Is Psychometric g a Myth?
- "As an online discussion about IQ or general intelligence grows longer, the probability of someone linking to statistician Cosma Shalizi's essay g, a Statistical Myth
approaches 1. Usually the link is accompanied by an assertion to the effect that Shalizi offers a definitive refutation of the concept of general mental ability, or psychometric g
." [more inside]
posted by kliuless
on Apr 11, 2013 -
is perhaps the finest author in contemporary science fiction -- and the most rarefied.
A technical writer by trade and a graduate of the distinguished Clarion Writers Workshop
, Chiang has published only twelve short stories in the last twenty years, one dozen masterpieces of the genre whose insightful, precise, often poetic language confronts fundamental ideas -- intelligence, consciousness, the nature of God -- and thrusts them into a dazzling new light.
Click inside for a complete listing of Chiang's work, with links to online reprints or audio recordings where available, as well as a collection of one-on-one interviews, links to his nonfiction essays, and a few other related sites and articles. [more inside]
posted by Rhaomi
on Dec 27, 2010 -
What if you could compute the output of complex algorithms just by viewing an image?
Our everyday visual perceptions rely upon unfathomably complex computations carried out by tens of billions of neurons across over half our cortex. In spite of this, it does not “feel” like work to see. Our cognitive powers are, in stark contrast, “slow and painful,” and we have great trouble with embarrassingly simple logic tasks.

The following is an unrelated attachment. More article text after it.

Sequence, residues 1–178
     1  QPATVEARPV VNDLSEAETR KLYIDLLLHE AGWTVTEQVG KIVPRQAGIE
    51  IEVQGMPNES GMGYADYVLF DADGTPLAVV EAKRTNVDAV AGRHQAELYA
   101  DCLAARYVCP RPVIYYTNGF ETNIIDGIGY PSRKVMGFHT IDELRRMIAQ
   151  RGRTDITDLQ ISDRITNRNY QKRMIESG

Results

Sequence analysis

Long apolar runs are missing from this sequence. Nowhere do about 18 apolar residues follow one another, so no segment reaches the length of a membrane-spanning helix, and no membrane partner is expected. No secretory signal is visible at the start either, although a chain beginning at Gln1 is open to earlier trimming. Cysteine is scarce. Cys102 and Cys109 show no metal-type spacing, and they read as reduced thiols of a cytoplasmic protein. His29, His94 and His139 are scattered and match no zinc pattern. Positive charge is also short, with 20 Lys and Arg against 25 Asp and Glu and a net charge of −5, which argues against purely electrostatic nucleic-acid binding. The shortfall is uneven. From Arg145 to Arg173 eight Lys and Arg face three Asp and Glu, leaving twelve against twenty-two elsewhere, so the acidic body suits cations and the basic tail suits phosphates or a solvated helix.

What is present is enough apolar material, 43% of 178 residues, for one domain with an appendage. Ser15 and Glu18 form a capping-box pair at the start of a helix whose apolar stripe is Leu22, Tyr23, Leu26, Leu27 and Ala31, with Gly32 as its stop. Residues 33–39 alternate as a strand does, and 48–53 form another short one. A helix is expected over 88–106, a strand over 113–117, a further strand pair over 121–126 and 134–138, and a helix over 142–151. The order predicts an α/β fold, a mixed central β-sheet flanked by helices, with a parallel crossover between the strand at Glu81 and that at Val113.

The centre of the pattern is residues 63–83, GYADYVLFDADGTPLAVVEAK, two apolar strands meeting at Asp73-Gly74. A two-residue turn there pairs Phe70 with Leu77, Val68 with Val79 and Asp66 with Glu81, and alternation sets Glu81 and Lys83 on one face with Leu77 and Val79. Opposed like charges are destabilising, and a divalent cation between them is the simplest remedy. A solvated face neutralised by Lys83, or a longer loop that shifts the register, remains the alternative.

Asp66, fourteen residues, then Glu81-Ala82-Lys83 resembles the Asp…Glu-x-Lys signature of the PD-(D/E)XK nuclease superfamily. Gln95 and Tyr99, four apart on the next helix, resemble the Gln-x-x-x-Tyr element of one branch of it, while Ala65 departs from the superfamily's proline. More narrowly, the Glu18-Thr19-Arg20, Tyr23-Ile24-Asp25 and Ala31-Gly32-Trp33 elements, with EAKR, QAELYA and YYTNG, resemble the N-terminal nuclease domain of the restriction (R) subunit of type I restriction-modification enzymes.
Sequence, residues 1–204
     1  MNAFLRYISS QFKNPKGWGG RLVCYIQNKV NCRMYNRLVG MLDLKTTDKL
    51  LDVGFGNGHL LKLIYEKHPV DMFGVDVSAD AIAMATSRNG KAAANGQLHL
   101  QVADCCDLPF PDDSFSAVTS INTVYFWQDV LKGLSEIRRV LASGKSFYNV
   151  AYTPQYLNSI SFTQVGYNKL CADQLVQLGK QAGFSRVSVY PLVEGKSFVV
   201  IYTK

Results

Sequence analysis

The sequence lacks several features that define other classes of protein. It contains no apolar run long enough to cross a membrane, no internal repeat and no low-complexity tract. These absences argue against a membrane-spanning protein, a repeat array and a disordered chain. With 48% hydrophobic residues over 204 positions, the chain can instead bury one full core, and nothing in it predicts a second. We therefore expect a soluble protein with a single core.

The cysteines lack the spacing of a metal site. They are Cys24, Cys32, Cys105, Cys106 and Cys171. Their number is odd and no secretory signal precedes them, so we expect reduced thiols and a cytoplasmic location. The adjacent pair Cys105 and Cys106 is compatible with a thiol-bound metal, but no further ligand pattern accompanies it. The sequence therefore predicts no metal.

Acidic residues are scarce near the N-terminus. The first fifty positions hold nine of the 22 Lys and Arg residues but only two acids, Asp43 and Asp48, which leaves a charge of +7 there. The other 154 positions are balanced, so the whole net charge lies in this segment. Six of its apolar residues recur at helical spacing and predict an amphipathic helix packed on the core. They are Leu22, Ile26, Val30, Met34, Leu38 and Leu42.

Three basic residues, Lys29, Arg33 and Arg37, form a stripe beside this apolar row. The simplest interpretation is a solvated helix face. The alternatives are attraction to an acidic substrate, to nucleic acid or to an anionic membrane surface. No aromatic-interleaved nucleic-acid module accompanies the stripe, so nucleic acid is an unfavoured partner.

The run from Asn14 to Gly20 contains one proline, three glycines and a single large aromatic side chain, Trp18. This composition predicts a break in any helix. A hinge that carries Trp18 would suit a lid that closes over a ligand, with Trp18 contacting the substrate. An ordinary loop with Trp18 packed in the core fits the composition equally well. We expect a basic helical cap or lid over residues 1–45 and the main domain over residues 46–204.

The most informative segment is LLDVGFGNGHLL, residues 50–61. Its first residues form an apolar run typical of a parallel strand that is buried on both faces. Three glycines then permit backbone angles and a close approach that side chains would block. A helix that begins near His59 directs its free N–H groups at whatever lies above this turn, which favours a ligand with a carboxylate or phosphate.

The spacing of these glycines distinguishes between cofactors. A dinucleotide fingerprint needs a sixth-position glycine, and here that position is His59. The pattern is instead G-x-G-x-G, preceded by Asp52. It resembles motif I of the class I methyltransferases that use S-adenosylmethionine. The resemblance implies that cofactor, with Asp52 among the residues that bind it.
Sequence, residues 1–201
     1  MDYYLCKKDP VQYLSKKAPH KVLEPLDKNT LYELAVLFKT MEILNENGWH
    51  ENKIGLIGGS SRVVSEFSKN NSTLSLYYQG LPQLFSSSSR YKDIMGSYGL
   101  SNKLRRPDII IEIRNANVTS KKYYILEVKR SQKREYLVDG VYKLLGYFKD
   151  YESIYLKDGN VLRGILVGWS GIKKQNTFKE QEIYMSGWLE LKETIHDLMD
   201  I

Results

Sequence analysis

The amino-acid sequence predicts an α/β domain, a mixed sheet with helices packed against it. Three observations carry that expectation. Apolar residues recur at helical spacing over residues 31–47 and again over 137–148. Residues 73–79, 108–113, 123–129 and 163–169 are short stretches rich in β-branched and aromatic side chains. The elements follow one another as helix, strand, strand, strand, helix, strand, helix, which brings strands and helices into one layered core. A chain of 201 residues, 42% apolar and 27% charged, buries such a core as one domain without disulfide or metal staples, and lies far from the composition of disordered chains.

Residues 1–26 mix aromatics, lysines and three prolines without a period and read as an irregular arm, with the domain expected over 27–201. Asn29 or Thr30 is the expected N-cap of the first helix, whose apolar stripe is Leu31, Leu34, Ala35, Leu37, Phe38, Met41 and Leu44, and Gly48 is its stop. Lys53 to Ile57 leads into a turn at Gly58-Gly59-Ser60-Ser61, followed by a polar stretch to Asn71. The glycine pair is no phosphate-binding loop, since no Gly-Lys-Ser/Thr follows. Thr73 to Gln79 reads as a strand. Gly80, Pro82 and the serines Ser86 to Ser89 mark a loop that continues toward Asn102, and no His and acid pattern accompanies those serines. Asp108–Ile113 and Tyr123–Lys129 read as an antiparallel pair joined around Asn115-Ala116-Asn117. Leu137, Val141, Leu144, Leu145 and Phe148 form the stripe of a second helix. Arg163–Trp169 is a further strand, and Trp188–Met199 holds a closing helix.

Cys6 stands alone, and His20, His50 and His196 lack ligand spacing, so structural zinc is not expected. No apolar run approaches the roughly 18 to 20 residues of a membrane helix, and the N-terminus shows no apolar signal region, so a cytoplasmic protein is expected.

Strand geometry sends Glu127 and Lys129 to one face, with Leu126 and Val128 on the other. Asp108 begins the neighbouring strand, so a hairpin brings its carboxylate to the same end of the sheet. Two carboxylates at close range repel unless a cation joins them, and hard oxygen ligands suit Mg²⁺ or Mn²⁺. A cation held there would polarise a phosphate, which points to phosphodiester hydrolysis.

Might it be possible to harness our visual computational powers for other tasks, perhaps for tasks cognition finds difficult? I have recently begun such a research program with the goal of devising ways of converting digital logic circuits into visual stimuli – “visual circuits” – which, when presented to the eye, “tricks” the visual system into carrying out the digital logic computation and generating a perception that amounts to the “output” of the computation. That is, the technique amounts to turning our visual system into a programmable computer.
posted by scalefree
on Mar 29, 2010 -
's 1984 book, Vehicles: Experiments in Synthetic Psychology
was a seminal work for its discussion of how one might design a system (biological or otherwise) in order to generate behavior like that seen in beings with brains. He embarks on a series of thought experiments in which he creates thirteen "vehicles"
through simple components that (arguably) display intelligent behavior, evolving in a Darwinian fashion to demonstrate what appears to be high-level cognition. [more inside]
posted by emilyd22222
on Jan 17, 2010 -
Don't Even Think About Lying
fMRI is poised to transform the security industry, the judicial system, and our fundamental notions of privacy. I'm in a lab at Columbia University, where scientists are using the technology to analyze the cognitive differences between truth and lies. By mapping the neural circuits behind deception, researchers are turning fMRI into a new kind of lie detector that's more probing and accurate than the polygraph, the standard lie-detection tool employed by law enforcement and intelligence agencies for nearly a century.